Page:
One of London's longest standing broadcasters has gone dark.
1290 CJBK, which launched in 1967 and was most recently owned by Bell went off the air at 11 a.m. on Wednesday.
"As of 11:00 AM EST on June 14th, 1290 CJBK is off the air. The Realities of AM Radio in the broadcast media landscape have made this change unavoidable," read a statement on the station's website. "We want to thank our advertising partners, sponsors and everyone who has contributed to this station over the years."
"But, we especially want to thank you – our listeners," the statement said. "Thank you, for welcoming NewsTalk 1290 CJBK into your homes, cars and lives for so many years."
The station's Twitter account has been deleted.
CJBK was one of six stations nationwide that Bell shuttered on Wednesday - all with the same statement being released online.
"Very sad," former CJBK morning host Steve Garrison told London News Today. "This was a heritage radio station. This was a radio station that had a lot of history. It's sad to see it go dark with no warning. I feel badly for the staff."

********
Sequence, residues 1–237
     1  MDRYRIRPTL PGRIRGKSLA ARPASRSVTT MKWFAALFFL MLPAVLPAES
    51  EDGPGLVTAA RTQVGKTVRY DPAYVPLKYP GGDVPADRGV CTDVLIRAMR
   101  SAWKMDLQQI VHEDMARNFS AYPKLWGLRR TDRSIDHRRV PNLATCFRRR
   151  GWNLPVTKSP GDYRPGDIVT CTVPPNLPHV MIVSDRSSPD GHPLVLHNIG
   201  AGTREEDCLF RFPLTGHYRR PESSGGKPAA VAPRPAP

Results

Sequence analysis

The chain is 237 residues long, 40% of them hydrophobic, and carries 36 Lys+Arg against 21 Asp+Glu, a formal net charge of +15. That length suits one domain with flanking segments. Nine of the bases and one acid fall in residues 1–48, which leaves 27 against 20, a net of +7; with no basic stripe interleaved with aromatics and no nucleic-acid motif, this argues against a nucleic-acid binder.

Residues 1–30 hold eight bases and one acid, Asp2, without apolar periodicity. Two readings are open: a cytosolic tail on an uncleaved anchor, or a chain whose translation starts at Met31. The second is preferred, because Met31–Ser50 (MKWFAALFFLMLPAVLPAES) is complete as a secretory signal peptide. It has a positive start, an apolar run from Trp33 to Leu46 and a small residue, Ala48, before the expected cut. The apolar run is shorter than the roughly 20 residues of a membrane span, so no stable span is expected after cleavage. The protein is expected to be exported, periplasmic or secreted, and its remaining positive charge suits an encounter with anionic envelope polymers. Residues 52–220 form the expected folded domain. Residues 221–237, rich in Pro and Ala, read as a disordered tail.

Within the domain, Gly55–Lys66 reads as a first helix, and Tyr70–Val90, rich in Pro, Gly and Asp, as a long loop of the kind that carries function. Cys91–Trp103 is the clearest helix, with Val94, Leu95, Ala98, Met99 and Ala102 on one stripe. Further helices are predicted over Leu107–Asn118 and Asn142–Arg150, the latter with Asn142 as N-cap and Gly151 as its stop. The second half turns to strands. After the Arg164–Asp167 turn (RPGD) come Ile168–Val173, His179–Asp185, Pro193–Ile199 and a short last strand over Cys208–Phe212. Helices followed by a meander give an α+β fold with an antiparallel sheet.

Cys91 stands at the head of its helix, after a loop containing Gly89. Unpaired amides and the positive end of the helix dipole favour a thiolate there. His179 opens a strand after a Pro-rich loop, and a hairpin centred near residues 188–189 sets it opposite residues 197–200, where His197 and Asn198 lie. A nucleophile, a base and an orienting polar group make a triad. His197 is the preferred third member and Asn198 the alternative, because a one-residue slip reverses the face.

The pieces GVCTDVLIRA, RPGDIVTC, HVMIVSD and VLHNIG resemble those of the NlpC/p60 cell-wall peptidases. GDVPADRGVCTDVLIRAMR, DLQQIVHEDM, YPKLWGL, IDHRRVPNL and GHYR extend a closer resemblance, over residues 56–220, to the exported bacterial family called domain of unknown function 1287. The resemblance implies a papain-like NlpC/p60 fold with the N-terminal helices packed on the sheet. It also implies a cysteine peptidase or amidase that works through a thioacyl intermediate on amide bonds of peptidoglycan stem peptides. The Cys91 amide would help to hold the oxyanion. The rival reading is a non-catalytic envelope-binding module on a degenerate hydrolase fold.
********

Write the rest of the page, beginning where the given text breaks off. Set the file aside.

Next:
Garrison worked at CJBK for most of the station's run, until he left in 2015 as part of a Bell restructuring.
He noted that the station has been a professional stop for many top Canadian journalists.
"JD Roberts, who you watch on Fox, worked at CJBK. Heather Hiscox, who I did the morning show with, worked at CJBK," said Garrison. "It's certainly sad to see a heritage radio station like CJBK close its doors."
The station's shuttering was part of a company wide shake up for Bell, which included 1,300 people being let go.
"A very important part of this shift is aligning our cost structures to the revenue potential of each business segment we operate in. Doing so will lower our overall costs and give us the room to fund new growth opportunities to better serve our customers and ensure our future success," Bell President and CEO Mirko Bibic wrote in an open letter.
Bibic's letter claimed that the company's news operation "will incur $40 million and growing in annual operating losses, and the profitability of our radio business has been cut in half since the onset of COVID."
"The broadcasting business has changed," Garrison said. "It is no longer run by people who are in the entertainment business or broadcasters. It's run by accountants."